Building a home requires a lot of decisions. Every situation that calls for input can be investigated to determine actions that have the least negative impact on the environment. Some of those decisions are in the areas of heat sources, insulation, and construction waste.
Integrate Renewable Energy Sources
Your home needs a variety of heat sources. You want to heat the air for your family’s comfort. On-demand hot water is also helpful in today’s homes. There is a selection of alternatives that use renewable sources, such as solar, heat pumps and wood-based systems, to generate the heat you need.
- Wood-burning stove. A wood-burning stove can be used instead of a furnace that burns a carbon fuel, such as natural gas or oil. You can have numerous stoves to heat areas around your home. Manufacturers now build stoves that have been approved to have a minimal air-quality impact. Some are even designed to provide hot water for the faucets in your home.
- Solar hot water heater. Placing a panel on your roof to capture the heat of the sun and warm your hot water tank is a very efficient way to directly use solar energy in a simplistic form. One small panel on the roof to capture solar energy for heating water may be all you need.
- Air and Ground Source Heat Pumps. Heat pumps gather solar heat energy from the air or ground and pumps this around your heating system. Both Ground and Air Source Heat Pumps save you money through improved efficiencies, reduce your CO2 emissions and even earn you money through government incentives. Heat pumps are fully automated with set and forget technology and low running costs, and have been around for more
than 100 years.
A draft-free home is more sustainable. It will stay warmer in the winter and cooler in the summer. This will result in less fuel and energy use. Make sure you at least meet the required insulation levels for your area. Exceeding the requirements may cost a bit more during construction, but less energy usage over the long term is better for the environment and can save you money.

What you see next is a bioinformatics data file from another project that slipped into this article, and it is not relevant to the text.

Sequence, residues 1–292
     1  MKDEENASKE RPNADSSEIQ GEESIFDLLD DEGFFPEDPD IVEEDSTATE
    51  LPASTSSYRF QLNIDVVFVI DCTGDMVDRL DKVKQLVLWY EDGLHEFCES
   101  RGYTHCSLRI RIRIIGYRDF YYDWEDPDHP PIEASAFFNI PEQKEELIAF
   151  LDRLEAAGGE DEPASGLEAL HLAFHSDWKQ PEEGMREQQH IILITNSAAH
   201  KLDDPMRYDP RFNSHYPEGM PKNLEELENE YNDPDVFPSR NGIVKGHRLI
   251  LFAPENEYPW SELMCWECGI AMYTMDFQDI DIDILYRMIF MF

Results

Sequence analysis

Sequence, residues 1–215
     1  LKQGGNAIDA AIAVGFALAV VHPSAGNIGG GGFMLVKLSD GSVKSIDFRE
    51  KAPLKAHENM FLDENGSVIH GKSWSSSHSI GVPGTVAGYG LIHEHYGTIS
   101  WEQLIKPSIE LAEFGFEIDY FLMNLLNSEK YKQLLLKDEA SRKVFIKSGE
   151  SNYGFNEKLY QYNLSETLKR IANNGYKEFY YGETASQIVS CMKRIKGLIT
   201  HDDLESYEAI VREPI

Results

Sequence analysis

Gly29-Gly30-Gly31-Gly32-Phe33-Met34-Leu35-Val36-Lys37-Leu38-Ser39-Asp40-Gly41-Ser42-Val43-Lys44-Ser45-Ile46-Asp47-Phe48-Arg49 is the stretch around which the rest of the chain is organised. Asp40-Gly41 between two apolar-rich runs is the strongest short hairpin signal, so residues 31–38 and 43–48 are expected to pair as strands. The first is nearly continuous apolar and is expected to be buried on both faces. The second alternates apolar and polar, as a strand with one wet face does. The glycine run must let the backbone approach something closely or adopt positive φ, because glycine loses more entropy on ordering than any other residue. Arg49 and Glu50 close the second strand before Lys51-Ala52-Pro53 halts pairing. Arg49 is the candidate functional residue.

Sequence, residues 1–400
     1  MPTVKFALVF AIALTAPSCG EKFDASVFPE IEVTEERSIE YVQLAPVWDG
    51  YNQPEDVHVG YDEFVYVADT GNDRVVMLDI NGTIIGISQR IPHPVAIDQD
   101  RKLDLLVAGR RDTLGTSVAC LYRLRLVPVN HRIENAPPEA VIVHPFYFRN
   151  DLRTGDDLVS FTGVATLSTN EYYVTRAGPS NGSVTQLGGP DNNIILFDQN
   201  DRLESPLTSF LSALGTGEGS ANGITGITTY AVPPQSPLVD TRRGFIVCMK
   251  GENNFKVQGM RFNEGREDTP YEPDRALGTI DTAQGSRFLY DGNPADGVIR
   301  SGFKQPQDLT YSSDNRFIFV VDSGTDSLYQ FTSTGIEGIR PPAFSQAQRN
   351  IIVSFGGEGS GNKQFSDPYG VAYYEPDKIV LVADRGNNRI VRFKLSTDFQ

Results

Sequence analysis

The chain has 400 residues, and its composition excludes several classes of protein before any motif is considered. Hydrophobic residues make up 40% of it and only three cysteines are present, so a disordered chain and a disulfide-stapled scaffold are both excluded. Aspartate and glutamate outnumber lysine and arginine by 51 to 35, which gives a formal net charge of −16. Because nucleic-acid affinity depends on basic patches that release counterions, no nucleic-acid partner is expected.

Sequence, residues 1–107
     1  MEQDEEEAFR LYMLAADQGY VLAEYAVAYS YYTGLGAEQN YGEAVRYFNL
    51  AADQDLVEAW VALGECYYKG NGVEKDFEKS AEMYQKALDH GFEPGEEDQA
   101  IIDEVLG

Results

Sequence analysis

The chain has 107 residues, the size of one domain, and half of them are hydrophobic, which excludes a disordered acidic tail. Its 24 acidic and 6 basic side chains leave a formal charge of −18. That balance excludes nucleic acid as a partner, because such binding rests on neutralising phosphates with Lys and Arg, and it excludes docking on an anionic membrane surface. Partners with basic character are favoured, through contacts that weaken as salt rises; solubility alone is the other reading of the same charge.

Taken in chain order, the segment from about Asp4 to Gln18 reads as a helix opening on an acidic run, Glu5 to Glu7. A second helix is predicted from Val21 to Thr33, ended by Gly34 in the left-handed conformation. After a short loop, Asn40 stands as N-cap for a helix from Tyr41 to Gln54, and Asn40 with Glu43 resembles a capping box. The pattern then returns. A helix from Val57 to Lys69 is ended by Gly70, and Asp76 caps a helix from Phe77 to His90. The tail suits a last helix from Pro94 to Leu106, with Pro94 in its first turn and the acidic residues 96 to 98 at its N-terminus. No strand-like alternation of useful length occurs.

Reduce Waste During the Building Process
Sustainable building doesn’t have to mean solar panels and geothermal heating; it can be much simpler. Good communication between the homeowner, the designer, and the home builder is key to reduce waste during construction. When homeowners are specific about requirements and communicate with the designers and architects, they can provide precise information to the builder. Exact details help assure owners get desired home features. Rework is costly in terms of time, money, and wasted materials. Also, owners and builders can consider the use of recycled materials. Recycled timbers, railroad sleepers, and ceramic tiles are just a few of the construction materials that can be kept from the landfill and reused. Locally-sourced materials can help to reduce carbon emissions in the transport process, as well.
Relevant: What is a Sustainable New Home?
When dreaming of and designing your new home, start from day one with consideration of the environment in mind. The result will be a quality, low-impact home.